• Agency will continue to develop a regional assessment and plan with a much more constrained engagement

As evidence demonstrates, inadequate internet access and a lack of cellular networks access to remote regions in Northern Ontario put First Nations at a greater disadvantage in efforts to participate at a distance during the global pandemic. For remote First Nations in Northern Ontario, the agency must work harder to ensure that the voices of communities implicated in the Ring of Fire regional assessment are not further silenced by the ongoing COVID-19 pandemic. Vague statements such as the one released to the email distribution list do little to provide implicated communities, organizations, and individuals the clarity required to adequately adjust and prepare for consultation opportunities once the threat of COVID-19 subsides.

In the meantime, it is imperative that First Nation community members and leadership, scholars, activists, policy-makers, consultants and other groups interested in Ontario’s Ring of Fire remain as vigilant as possible during COVID in monitoring developments in the region and ensuring major decisions are not made without critical thought or meaningful Indigenous and public engagement.


April 5, 2020


Duty to Consult/FPIC

Using COVID to deny Duty to Consult

NationTalk – Attawapiskat, Fort Albany, and Neskantaga First Nations in the James Bay lowlands have declared a moratorium on April 1 on any development in or to facilitate access to the Ring of Fire mining area in accordance with:

  • Our Indigenous Laws including the Natural Laws of the Creator;
  • Our Inherent Rights (arising from the reality that we have always have been “in here” in this place in the world);
  • Treaty No. 9 between our First Nations and the Crown;
  • International laws including the United Nations Declaration on the Rights of Indigenous Peoples (UNDRIP) and its requirements for free, prior and informed consent, the International Covenants on Civil and Political Rights and Economic, Social and Cultural Rights, and customary laws that protect our right to self-determination, require environmental due diligence, and prohibit destruction of our ability to survive in our environments; and
  • Canadian domestic laws that adopted and intend to implement UNDRIP (such as the federal Bill C-15); the federal Impact Assessment Act (IAA); Canada’s Constitution including section 35 affirming our Aboriginal and Treaty Rights, and the Charter section 7 being the right to life, liberty and security of the person.

This MORATORIUM is declared from this date and shall stand intact unless and until Canada and Ontario act in accordance with their obligations under the laws stated above, in respect of the Ring of Fire, and agree to a Regional Impact Assessment (RIA)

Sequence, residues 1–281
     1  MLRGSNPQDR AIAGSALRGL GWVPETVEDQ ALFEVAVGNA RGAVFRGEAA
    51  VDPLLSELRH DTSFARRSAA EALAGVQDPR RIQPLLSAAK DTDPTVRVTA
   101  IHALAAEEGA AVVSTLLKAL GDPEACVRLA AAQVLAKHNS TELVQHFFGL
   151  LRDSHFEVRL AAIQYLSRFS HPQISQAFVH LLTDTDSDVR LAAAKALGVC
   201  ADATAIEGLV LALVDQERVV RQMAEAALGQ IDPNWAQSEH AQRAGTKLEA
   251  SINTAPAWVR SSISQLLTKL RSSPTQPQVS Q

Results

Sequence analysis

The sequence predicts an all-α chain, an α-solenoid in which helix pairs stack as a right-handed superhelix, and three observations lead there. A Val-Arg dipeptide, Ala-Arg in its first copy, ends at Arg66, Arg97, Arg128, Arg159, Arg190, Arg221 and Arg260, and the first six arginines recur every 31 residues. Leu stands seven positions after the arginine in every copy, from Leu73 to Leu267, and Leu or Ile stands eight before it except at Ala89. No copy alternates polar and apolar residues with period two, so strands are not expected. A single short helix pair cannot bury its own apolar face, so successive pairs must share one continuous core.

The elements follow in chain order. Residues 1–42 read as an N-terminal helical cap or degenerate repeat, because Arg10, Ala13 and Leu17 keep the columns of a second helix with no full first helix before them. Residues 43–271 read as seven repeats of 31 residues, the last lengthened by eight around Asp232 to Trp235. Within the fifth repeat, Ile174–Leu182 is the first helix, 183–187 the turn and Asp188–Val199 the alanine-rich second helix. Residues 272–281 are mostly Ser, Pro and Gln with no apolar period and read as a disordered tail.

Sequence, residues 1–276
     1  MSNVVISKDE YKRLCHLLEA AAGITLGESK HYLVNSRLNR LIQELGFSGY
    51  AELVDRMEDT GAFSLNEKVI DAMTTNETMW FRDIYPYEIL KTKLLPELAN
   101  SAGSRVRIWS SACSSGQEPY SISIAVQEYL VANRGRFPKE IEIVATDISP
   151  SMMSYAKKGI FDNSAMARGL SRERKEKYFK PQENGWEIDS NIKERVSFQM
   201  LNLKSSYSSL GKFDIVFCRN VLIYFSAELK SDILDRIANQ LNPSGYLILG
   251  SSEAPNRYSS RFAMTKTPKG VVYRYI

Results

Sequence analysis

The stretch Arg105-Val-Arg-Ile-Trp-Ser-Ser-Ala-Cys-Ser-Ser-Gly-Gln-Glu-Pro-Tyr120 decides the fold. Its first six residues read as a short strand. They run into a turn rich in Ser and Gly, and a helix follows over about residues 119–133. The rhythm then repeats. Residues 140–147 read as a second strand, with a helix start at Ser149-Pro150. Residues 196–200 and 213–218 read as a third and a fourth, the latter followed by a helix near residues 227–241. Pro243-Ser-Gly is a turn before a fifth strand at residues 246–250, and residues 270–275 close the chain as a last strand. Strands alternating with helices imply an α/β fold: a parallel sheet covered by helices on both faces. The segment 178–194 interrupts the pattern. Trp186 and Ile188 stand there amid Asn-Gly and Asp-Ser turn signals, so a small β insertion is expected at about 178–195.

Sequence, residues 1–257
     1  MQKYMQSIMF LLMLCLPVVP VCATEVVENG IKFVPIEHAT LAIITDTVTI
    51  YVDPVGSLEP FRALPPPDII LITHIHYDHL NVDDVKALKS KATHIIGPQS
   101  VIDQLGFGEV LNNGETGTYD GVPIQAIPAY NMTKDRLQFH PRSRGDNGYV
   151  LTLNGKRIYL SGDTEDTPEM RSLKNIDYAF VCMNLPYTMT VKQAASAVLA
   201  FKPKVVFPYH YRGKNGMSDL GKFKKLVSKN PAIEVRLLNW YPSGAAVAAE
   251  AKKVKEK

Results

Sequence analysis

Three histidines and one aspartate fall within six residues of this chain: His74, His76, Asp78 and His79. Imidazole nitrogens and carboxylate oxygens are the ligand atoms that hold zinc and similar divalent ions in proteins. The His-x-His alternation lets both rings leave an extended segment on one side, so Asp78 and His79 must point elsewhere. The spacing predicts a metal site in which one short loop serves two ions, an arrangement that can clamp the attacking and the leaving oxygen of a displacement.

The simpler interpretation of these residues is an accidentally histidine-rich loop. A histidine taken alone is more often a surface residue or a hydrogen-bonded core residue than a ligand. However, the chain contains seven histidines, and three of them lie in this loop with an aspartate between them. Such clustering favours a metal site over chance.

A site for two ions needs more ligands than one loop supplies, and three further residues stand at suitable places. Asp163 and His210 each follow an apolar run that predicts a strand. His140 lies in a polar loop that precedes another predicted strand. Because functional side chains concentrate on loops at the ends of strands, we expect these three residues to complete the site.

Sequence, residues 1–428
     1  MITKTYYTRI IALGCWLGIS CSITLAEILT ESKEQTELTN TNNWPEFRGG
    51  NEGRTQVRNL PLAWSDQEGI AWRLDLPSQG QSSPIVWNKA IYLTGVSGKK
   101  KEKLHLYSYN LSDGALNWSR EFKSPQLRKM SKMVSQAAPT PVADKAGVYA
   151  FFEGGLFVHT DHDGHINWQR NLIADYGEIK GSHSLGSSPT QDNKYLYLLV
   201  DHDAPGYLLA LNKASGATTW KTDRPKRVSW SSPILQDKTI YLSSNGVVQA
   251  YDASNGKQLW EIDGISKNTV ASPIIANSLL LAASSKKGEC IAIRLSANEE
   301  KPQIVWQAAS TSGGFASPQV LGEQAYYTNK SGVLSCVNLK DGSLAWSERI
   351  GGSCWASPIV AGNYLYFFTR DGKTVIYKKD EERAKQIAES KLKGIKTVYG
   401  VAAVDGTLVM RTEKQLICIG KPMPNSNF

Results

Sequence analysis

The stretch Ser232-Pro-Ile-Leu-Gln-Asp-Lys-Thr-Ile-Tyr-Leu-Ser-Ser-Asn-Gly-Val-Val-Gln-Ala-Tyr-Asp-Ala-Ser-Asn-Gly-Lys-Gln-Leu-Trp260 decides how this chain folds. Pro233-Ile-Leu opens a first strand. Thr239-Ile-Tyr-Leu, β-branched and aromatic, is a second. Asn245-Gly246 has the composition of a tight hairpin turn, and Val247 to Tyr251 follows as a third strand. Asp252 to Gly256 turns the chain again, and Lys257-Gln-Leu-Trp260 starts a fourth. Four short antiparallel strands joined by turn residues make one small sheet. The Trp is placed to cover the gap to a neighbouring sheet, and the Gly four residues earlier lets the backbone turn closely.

This MORATORIUM is declared because Canada, through the Impact Assessment Agency of Canada (IAAC) has breached the honour of the Crown, all the laws stated above, and the project of reconciliation and decolonization by acting with duplicity behind our backs in collaboration with Ontario, to render the RIA little but political puffery, with mere token First Nation “involvement”, narrow in its focus and weak in its result.

Specifically:

Shortly after the IAA came into force in 2019, some First Nations and others requested an RIA under it for the Ring of Fire;

  • Due to these requests, and given that the Ring of Fire begs for an RIA anyway – it is by definition a regional area for which much large scale mining and infrastructure development is sought – Canada agreed that a RIA would be held;
  • First Nations have expressed our expectation of equal partnership in the RIA, and have been requesting since early 2020 to have the RIA, including planning, not commence until after the pandemic and the crises it has caused in the First Nation communities are over, to ensure that First Nations could engage in this process safely and in accordance with our Laws and Customs;
  • Canada agreed to such suspensions of time, and gave assurances that First Nations would have meaningful involvement at all stages of the RIA, including planning;
  • First Nations have put Canada on notice since late 2020 that they intend to develop a proposal for a First Nations – led, comprehensive and meaningful RIA that does not allow Crown governments to use it as a mere window dressing, box-ticking exercise;
  • Despite Canada knowing of First Nations’ intent and agreeing to time to develop this proposal after the pandemic crisis had ended, Canada now informs us it effectively had no intent of paying any attention to any such proposal; and that Canada and Ontario have been collaborating behind First Nations’ backs for the last year to agree on the terms of reference for the RIA which they will show us in April “for comment”, and in which First Nations have nothing but token involvement.

https://nationtalk.ca/story/first-nations-declare-moratorium-on-ring-of-fire-development